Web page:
Tuesday, January 26, 2016

Classroom Slice of Life Challenge

Thanks to Two Writing Teachers for creating this space to share our stories.  Read other slices or write your own and share here. 

March is quickly approaching, which means that the Slice of Life March Challenge is in the near future.  This will be my third time to participate, so I am feeling pretty comfortable in my ability to write every day.

Now it is time for me to get out of my comfort zone and jump into the Classroom Slice of Life Challenge.  For the first time, I have offered it to all of my students, knowing that only a few will probably accept the challenge.  But I have many questions.

I know Two Writing Teachers will be posting about this challenge soon, but I would love to chat with some of you who have previously done this with your students.

Please feel free to give me any advice or to answer any of my questions.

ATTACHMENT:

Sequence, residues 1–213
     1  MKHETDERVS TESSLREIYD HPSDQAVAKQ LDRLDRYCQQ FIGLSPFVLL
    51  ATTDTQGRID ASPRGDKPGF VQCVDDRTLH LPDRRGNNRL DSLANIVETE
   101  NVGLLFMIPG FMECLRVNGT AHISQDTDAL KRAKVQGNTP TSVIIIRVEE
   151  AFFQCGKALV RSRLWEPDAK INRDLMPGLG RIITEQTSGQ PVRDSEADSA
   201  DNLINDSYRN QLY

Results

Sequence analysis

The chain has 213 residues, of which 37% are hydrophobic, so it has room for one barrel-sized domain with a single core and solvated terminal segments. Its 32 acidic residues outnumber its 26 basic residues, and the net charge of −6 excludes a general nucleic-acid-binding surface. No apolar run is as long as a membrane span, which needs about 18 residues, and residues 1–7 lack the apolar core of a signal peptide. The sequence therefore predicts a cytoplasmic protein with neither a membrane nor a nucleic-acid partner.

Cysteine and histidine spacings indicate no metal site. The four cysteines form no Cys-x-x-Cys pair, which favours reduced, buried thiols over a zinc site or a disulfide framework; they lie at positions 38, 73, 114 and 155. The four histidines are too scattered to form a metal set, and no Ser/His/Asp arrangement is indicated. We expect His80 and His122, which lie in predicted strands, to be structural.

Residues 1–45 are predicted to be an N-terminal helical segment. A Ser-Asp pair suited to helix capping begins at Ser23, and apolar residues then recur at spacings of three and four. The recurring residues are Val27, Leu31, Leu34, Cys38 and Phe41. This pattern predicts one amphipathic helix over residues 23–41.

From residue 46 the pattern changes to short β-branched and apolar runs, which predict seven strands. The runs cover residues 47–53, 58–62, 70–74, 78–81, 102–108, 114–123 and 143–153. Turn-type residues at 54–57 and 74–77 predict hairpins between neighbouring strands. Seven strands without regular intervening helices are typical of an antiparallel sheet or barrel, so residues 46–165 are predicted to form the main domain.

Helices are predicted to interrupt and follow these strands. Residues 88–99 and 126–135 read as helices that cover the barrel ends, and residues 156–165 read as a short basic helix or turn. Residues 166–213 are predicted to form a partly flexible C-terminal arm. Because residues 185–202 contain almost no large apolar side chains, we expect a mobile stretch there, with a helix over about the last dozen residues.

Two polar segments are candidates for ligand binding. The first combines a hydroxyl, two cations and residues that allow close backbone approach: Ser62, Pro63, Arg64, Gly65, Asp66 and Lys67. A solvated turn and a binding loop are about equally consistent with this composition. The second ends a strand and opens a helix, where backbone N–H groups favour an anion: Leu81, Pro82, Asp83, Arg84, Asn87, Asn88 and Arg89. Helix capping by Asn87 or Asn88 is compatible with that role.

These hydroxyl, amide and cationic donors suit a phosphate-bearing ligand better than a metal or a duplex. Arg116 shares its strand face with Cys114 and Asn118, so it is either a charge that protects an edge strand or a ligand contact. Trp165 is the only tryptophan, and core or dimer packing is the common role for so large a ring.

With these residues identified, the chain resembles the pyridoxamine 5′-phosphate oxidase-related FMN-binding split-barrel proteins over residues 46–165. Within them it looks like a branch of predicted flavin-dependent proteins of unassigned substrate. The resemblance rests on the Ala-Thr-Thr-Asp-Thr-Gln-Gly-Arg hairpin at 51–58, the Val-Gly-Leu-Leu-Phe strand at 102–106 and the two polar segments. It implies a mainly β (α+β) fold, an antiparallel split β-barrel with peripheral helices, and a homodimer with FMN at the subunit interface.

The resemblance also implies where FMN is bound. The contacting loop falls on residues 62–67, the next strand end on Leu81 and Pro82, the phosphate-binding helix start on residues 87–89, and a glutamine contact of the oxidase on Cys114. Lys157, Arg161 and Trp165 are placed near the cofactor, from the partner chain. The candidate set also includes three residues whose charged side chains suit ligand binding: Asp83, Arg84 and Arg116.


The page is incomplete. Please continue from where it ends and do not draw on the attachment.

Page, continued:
1.  I will use Kidblog and have students create their own blog.  Do they link up themselves or should I create a classroom link for me to link at TWT?

2.  I have decided to let them form groups of no more than four if they would like.  I think for my first time, I will have more success doing it this way.  Has anyone done this before, or do you only have individual students?

3.  We have not written any slices in class, although I have talked about my personal slices.  Do you think I still have enough time to teach this genre and to have them practice?  I will have to this outside of class time since it is volunteer only.

I am looking forward to sharing this part of my writing life with my students.  Thank you for any help and advice ahead of time!

Tuesday, January 19, 2016

Beyond the Tragedy

Thanks to Two Writing Teachers for creating this space to share our stories.  Read other slices or write your own and share here.